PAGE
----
Quite apart from the obvious security threat posed by the burkha which we don’t like to talk about out of respect for their religion even though their religion is our biggest security threat. Sorry to all you peaceful Muslims but we all know that is the unfortunate truth, at least right now.
What the heck? I can't be the only person wondering how Pat's thought processes are working at this stage. He fully admits that there are Muslims for whom his argument is unreasonable and that there are enough of them to make them worth addressing. Yet for some reason his complete recognition that what he is posing is an unfair stereotype doesn't stop him from carrying on with it unashamedly.
Islam is responsible for the terrorist threat in the same way that Christianity is responsible for the death of Dr. Tiller. Yes, there's a link. No one is doubting that. But it's not a simple 1:1 relationship. Religions have a huge degree of internal diversity and even overlap with one another. Terms like "Christianity" and "Islam" bracket together similar kinds of religious devotion, however their expression will depend greatly on the culture and location in which you find them. Daniel Maguire
is a Roman Catholic Christian and he strongly believes in his faith and the tradition of his Church. Nevertheless, he isn't going to condemn a man for performing abortions. Similarly just because someone follows the religion of Islam doesn't mean they're in favour
of the burkah either. People's views about religion will differ. Nevertheless, plenty of people actually are talking about the burkha being a security threat. It's mentioned all over the place. What we could do with is a little more respect for the women who are actually wearing the damn thing and Pat does not feel inclined to contribute to this since it would conflict with the "healthy and honest" world he wants us to live in.
Pat has the audacity to claim that women who wear the burkha are condoning the oppression it is often used to achieve. That they are enablers. But what is Pat enabling? It wasn't so long ago that there was a big hoo hah over politician Jack Straw insisting that women uncover their faces when they speak to him. It was rightly pointed out in Straw's defence that he was not insisting that women do away with the burkha or nikab, but rather that within certain scenarios it might be necessary to remove it for pragmatic reasons. He certainly wasn't insisting that we forcibly unveil Muslim women, but unfortunately that was the sentiment that developed. This, it seems to me, is where the other side of the coin really comes into play. If you ban the burkha isn't this just another example of women having their rights limited by a patriarchal over-zealous authority? In the end shouldn't this be about choice. In Iran they have seen both sides of this coin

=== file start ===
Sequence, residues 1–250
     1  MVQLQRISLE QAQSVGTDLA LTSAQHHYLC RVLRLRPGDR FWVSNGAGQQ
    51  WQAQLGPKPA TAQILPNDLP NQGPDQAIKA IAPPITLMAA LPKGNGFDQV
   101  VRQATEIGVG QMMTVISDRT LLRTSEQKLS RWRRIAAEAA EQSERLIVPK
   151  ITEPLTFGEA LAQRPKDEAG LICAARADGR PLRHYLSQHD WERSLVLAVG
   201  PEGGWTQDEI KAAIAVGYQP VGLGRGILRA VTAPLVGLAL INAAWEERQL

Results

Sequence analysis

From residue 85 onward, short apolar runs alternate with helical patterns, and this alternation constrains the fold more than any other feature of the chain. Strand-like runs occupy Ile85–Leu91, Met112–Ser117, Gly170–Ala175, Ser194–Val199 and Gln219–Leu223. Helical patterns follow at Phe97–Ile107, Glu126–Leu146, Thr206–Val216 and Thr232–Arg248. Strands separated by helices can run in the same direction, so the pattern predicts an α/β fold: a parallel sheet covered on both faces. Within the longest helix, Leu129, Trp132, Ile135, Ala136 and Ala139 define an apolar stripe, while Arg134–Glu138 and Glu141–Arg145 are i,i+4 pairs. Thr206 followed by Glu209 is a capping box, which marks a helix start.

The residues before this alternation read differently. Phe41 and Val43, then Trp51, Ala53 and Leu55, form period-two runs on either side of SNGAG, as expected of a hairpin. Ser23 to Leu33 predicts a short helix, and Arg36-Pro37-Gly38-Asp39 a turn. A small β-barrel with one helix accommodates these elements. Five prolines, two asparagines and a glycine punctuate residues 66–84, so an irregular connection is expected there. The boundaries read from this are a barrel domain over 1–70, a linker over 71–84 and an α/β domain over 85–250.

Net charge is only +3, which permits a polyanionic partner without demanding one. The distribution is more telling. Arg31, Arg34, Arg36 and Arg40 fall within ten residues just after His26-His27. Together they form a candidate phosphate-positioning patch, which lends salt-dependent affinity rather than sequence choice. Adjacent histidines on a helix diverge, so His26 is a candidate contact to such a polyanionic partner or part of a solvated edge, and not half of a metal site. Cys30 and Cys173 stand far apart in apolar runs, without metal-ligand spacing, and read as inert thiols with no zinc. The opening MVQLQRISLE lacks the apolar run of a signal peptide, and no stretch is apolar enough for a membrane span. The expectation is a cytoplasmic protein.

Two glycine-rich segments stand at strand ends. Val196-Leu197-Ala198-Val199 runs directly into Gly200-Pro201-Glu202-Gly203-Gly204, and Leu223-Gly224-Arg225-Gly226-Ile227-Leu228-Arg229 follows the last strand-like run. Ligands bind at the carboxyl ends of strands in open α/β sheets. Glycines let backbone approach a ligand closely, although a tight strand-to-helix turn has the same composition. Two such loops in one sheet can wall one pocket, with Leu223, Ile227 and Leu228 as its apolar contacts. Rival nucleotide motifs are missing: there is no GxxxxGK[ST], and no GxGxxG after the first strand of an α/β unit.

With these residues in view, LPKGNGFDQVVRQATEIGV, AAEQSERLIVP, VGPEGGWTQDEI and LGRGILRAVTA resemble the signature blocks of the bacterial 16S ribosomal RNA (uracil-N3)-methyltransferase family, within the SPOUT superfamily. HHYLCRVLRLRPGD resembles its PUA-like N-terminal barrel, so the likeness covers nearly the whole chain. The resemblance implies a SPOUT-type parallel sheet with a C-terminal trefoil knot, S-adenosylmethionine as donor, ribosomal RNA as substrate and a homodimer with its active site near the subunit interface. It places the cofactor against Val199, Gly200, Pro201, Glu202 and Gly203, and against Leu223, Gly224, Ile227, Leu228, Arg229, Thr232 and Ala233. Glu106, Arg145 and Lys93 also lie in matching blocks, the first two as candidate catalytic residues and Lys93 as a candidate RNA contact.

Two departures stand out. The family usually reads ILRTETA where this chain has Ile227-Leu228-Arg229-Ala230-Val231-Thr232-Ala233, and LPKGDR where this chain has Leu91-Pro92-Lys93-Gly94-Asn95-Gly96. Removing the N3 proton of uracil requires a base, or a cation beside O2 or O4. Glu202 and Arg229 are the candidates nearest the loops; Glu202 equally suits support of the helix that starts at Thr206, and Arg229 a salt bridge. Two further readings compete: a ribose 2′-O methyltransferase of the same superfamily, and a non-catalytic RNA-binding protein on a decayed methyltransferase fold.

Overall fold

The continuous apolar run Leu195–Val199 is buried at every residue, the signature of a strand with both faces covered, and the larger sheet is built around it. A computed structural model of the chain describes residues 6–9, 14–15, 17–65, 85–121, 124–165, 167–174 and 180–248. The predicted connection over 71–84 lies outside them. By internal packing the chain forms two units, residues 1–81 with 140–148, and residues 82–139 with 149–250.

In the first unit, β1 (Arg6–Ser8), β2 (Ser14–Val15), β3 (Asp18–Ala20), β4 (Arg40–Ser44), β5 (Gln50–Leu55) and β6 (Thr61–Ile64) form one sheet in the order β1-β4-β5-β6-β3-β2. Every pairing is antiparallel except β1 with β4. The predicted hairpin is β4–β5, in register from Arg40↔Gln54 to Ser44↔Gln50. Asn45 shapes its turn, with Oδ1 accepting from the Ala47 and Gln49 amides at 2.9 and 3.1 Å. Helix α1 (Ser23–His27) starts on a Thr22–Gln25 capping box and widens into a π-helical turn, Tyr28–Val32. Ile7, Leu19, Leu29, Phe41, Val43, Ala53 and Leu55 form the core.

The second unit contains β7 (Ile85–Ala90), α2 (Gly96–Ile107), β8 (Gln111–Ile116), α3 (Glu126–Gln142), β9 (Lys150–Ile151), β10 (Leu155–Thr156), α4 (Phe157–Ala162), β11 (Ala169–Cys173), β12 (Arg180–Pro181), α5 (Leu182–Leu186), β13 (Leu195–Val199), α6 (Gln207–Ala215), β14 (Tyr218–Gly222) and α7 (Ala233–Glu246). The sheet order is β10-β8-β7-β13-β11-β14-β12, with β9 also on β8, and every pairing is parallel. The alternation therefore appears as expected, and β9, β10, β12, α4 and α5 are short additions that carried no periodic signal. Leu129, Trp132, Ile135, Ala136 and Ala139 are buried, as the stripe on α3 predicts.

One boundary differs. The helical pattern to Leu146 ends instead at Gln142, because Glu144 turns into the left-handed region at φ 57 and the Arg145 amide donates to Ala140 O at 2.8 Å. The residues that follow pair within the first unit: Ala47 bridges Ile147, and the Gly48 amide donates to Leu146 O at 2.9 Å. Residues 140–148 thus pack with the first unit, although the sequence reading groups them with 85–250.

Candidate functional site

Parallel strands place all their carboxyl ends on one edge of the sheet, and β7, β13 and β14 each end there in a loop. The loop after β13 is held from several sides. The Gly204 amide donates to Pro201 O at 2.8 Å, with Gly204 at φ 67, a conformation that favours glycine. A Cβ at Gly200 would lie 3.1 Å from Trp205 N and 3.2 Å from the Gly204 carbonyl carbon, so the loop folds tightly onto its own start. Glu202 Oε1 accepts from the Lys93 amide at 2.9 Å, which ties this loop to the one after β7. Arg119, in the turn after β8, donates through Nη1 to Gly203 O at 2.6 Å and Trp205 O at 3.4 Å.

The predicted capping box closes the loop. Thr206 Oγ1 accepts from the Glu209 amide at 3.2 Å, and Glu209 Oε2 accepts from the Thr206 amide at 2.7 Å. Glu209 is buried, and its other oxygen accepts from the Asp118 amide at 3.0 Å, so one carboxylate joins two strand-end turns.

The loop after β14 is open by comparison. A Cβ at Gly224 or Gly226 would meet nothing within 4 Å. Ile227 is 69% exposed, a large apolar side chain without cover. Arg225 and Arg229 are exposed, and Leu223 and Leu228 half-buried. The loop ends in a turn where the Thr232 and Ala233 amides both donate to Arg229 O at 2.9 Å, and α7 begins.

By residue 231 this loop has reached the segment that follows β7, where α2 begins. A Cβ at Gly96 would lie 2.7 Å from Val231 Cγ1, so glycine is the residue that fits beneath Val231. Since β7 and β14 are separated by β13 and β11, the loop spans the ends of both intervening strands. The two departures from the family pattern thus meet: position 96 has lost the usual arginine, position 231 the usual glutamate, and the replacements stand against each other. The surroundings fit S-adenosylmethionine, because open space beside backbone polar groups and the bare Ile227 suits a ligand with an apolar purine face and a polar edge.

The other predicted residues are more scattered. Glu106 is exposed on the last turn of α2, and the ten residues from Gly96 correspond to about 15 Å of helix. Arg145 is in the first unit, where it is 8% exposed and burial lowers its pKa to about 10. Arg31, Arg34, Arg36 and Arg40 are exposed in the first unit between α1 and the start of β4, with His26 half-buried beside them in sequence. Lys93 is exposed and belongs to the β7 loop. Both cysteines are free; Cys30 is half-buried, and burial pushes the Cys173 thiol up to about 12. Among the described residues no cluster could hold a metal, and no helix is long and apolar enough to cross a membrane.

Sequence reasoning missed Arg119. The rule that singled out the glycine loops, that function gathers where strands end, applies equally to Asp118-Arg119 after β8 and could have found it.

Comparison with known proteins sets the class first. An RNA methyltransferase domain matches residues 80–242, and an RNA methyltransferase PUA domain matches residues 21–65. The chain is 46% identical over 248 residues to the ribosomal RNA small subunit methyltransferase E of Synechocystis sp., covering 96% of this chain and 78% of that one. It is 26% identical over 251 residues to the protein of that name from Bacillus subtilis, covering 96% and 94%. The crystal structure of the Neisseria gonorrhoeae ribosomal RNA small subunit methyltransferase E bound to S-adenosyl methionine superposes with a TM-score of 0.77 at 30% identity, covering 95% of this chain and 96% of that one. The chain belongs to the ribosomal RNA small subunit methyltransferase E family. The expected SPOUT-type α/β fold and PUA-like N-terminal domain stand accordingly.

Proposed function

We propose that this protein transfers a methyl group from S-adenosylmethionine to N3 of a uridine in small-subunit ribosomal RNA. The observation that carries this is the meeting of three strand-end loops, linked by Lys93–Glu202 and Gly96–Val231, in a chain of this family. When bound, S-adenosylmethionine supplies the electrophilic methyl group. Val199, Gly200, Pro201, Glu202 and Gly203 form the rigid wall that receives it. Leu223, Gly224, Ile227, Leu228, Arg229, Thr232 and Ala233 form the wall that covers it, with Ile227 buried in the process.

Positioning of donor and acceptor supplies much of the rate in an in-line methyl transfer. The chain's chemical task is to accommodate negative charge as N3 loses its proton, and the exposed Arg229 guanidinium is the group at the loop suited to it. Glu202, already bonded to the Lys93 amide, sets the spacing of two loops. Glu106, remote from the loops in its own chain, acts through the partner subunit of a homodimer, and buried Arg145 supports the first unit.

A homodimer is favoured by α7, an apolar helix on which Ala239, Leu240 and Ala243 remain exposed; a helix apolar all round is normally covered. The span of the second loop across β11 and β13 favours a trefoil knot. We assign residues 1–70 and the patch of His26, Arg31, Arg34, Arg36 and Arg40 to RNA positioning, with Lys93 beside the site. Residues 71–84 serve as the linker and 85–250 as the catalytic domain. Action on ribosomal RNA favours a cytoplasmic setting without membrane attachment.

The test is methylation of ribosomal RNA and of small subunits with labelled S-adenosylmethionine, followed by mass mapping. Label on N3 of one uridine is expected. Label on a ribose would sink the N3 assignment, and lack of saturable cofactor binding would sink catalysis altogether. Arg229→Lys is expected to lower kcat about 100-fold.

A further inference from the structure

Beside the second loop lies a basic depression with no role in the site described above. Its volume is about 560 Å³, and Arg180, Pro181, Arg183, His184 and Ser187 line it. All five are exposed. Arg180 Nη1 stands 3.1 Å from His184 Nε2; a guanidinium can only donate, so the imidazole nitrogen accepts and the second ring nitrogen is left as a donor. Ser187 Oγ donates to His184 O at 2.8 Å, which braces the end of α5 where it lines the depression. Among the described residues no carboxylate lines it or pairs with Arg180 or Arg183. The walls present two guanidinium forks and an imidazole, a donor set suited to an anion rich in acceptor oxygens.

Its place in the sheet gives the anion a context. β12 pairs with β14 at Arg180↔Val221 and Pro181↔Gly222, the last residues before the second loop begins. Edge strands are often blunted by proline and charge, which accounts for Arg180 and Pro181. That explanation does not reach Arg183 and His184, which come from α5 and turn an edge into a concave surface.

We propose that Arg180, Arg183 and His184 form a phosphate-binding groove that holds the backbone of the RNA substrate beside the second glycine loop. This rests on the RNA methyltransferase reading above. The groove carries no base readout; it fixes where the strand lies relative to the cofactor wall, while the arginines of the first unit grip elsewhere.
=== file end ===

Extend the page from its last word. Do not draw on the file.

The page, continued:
, going from being forcibly unveiled to forcibly veiled and the debate today in Iran is much over personal freedom than this nonsensical issue in France of whether the burkha should be banned
or not. (And let's not forget that in France there is a lot of racial tension in regards to those with Algerian roots which might influence the debate there.)
Pat also asks why feminists aren't talking about this. Clearly he hasn't bothered to look. Feminists are talking about this all over the place. Some will agree, some will disagree and most will recognise that the debate is far more complicated than he is making it out to be. In any case, Pat's criticism isn't really over silence but inaction. If we don't agree with Pat and actively campaign for the burkha to be banned we are morally culpable. It's at this point where my conspiracy theory alert starts ringing:
Any western woman who makes allowances for, or who accommodates the misogyny of Islam in her life is a fool to herself and a traitor to her daughters who will have to live with the consequences in a society where they feel less value, less safe and have fewer rights than they do now.
ZOMG THE MUSLIMS ARE TAKING OVER!
Seriously, allowing women the right to wear the burkha is not wearing down women's rights. We are still going to strongly criticise people being forced to wear clothing against their will and the chances of the burkha causing bad effects for anyone outside the religion of Islam is around about nil. There is an issue of the burkha being forced on Muslim women against their will and there is an issue of the burkha as a negative result of indoctrination. Nevertheless, to insist that this will have consequences for the daughters of 'western women' is pure shock tactics. This whole idea that Islamic ideas are going to take over the country and undermine our liberties is nonsense. The labour government is in a much better position to do that than any Muslim....
x-posted to atheist snark
x-posted to atheism
(sorry to those who subscribe to both. This must be getting really dull now.)